partners for a merger in product terms but they could have two entirely
different sets of behaviour. There is a behavioural side to organisations which
is very unpredictable and difficult to foresee."

A failure to tackle this could prove ruinous in the long run – and has
frequently done so. It is often cited as the greatest cause of merger failure.
Rajan quotes the example of one big banking sector merger where very little
thought was given to how behavioural aspects would be integrated. Two years on,
the new entity still has big problems with synergy and hasn’t properly
integrated.

His solution is to insist upon a cultural audit. But how do you translate
this rather nebulous concept into action? Create’s Audit Toolkit provides a
useful guide. Briefly summarised it advises: First, find out what your target’s
key business values are. Second, look at its physical systems and processes: to
what extent do they incorporate the values? Finally, study individual
behaviours of senior managers: identify a number of behaviour characteristics
and see how they perform against them.

Garrow at Roffey Park also stresses the importance of studying target employees’
psychological contracts. Are they "relational" – implying a strong
sense of reciprocal loyalty – or merely "transactional"? Your
findings will offer strong clues about how to handle staff should the deal go
through. People with relational contracts, for example, "are not going to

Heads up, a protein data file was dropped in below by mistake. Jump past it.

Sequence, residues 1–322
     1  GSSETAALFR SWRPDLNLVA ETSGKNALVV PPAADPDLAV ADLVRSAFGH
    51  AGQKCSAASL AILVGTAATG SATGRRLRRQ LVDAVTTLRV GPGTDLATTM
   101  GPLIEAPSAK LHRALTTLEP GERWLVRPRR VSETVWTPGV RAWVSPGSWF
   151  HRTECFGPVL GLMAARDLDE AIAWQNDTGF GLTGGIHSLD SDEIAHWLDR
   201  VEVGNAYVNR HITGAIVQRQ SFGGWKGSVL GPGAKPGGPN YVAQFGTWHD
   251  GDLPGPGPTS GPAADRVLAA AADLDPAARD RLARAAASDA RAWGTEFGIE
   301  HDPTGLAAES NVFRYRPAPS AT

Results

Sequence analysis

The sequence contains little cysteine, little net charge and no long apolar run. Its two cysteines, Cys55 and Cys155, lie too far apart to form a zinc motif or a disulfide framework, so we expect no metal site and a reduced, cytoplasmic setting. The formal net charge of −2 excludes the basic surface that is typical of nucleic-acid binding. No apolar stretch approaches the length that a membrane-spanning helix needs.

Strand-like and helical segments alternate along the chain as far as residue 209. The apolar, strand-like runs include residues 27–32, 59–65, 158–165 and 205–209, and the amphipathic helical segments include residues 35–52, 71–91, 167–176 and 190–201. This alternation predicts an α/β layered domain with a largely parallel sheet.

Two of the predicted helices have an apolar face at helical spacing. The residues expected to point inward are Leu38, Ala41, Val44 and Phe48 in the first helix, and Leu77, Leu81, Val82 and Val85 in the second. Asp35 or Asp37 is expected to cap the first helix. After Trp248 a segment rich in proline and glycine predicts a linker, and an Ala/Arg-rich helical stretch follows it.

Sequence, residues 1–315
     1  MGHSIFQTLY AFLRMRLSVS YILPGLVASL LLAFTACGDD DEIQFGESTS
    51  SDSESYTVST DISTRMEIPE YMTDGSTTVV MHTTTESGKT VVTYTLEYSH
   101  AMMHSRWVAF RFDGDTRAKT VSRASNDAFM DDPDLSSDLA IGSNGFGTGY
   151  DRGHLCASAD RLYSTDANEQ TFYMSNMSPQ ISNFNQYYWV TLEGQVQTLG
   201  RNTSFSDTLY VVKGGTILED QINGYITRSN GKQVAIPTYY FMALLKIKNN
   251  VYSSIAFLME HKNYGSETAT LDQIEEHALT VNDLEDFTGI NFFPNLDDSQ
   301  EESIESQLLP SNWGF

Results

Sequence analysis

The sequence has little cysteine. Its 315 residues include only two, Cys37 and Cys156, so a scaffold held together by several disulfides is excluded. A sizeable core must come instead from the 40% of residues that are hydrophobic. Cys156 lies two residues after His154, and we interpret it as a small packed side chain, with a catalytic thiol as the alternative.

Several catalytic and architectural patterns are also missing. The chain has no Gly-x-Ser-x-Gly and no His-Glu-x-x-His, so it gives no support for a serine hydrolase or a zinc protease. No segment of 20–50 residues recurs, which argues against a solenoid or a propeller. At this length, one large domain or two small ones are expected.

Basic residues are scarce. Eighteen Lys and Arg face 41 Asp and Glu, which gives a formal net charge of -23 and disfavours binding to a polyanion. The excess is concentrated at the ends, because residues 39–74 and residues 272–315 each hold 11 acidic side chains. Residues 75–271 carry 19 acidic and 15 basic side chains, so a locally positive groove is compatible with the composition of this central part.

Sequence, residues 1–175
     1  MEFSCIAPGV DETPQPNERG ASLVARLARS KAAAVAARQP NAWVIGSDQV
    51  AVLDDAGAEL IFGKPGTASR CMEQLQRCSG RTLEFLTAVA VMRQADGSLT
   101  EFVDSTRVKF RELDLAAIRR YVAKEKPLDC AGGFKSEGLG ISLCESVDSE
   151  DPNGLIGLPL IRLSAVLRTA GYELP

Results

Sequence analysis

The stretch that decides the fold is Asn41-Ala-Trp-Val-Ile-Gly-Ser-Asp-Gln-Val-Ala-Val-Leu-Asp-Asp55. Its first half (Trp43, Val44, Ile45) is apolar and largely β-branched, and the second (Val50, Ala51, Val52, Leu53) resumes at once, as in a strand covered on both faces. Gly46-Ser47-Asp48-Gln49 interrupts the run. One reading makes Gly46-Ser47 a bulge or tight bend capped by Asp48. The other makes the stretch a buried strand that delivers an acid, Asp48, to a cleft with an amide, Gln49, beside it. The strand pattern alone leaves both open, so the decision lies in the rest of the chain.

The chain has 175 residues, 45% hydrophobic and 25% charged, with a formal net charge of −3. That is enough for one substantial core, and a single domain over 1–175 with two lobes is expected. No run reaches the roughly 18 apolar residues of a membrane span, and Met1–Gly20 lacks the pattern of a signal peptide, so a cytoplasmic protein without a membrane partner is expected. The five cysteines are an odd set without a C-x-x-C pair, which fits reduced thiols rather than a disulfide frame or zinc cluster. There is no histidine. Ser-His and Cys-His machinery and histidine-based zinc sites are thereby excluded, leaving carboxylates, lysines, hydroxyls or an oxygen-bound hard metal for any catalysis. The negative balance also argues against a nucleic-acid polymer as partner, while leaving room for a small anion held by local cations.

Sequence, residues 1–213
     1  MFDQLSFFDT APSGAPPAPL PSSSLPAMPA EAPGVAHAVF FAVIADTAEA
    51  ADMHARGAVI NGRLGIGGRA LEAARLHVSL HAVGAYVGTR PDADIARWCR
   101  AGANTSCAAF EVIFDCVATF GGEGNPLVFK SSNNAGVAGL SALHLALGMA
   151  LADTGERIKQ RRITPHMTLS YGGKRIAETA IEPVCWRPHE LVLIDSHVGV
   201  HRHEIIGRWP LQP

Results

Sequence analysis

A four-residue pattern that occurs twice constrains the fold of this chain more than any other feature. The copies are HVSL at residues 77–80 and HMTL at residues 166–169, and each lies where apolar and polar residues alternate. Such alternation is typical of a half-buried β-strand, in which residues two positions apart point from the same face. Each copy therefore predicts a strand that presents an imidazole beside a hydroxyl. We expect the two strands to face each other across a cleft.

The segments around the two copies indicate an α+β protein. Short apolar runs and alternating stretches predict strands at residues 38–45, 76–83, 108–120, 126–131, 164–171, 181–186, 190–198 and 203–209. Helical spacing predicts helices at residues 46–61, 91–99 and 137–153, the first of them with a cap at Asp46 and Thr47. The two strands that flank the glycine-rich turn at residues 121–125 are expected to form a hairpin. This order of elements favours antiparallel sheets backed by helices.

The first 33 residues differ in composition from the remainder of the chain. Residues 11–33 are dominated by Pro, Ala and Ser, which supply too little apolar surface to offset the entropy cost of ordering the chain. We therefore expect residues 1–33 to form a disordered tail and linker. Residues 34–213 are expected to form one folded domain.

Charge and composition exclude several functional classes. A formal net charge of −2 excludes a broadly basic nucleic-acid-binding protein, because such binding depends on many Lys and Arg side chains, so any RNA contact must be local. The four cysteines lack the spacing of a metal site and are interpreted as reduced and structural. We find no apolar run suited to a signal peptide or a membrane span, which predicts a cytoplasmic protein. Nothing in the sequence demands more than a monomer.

take kindly to being asked to reapply for a job they’ve held down for 20
years", she says.

An important role for HR at this stage of merger proceedings may be to
educate the "deal team" about people issues in M&A. But you should
also try to bring something to the party yourself. Could you, for example,
contribute to the valuation of another company by putting a price on its people
capital?

And don’t rule out more informal modes of due diligence, says Rajan
"whether you do these overtly or by slightly subterranean means". A
report examining the talents and outlook of a target’s board members would be a
welcome addition to your company’s armoury at this time.

But due diligence isn’t just about sussing out the other party. This is also
the time to get your own house in order, says Garrow. You can save valuable
time in the critical post-merger period by making a full inventory of your own
people and processes now. Check your data is reliable. "Lists are often
out of date, people have left or moved."

Finally assess your own HR function. "There is such a big difference
between the capabilities of different HR functions that this is critical,"
says Garrow. "Some are huge. some are still ‘Personnel’. Expecting the
latter kind of outfit to come up with something like a slick communications
service or counselling during the merger is asking too much." So assess
your own capabilities and consider calling in third parties if necessary.
"But never abdicate responsibility," she says.

Integration planning

Successful integration planning has always been the lynch-pin of successful
mergers – particularly given the importance of acting quickly during the final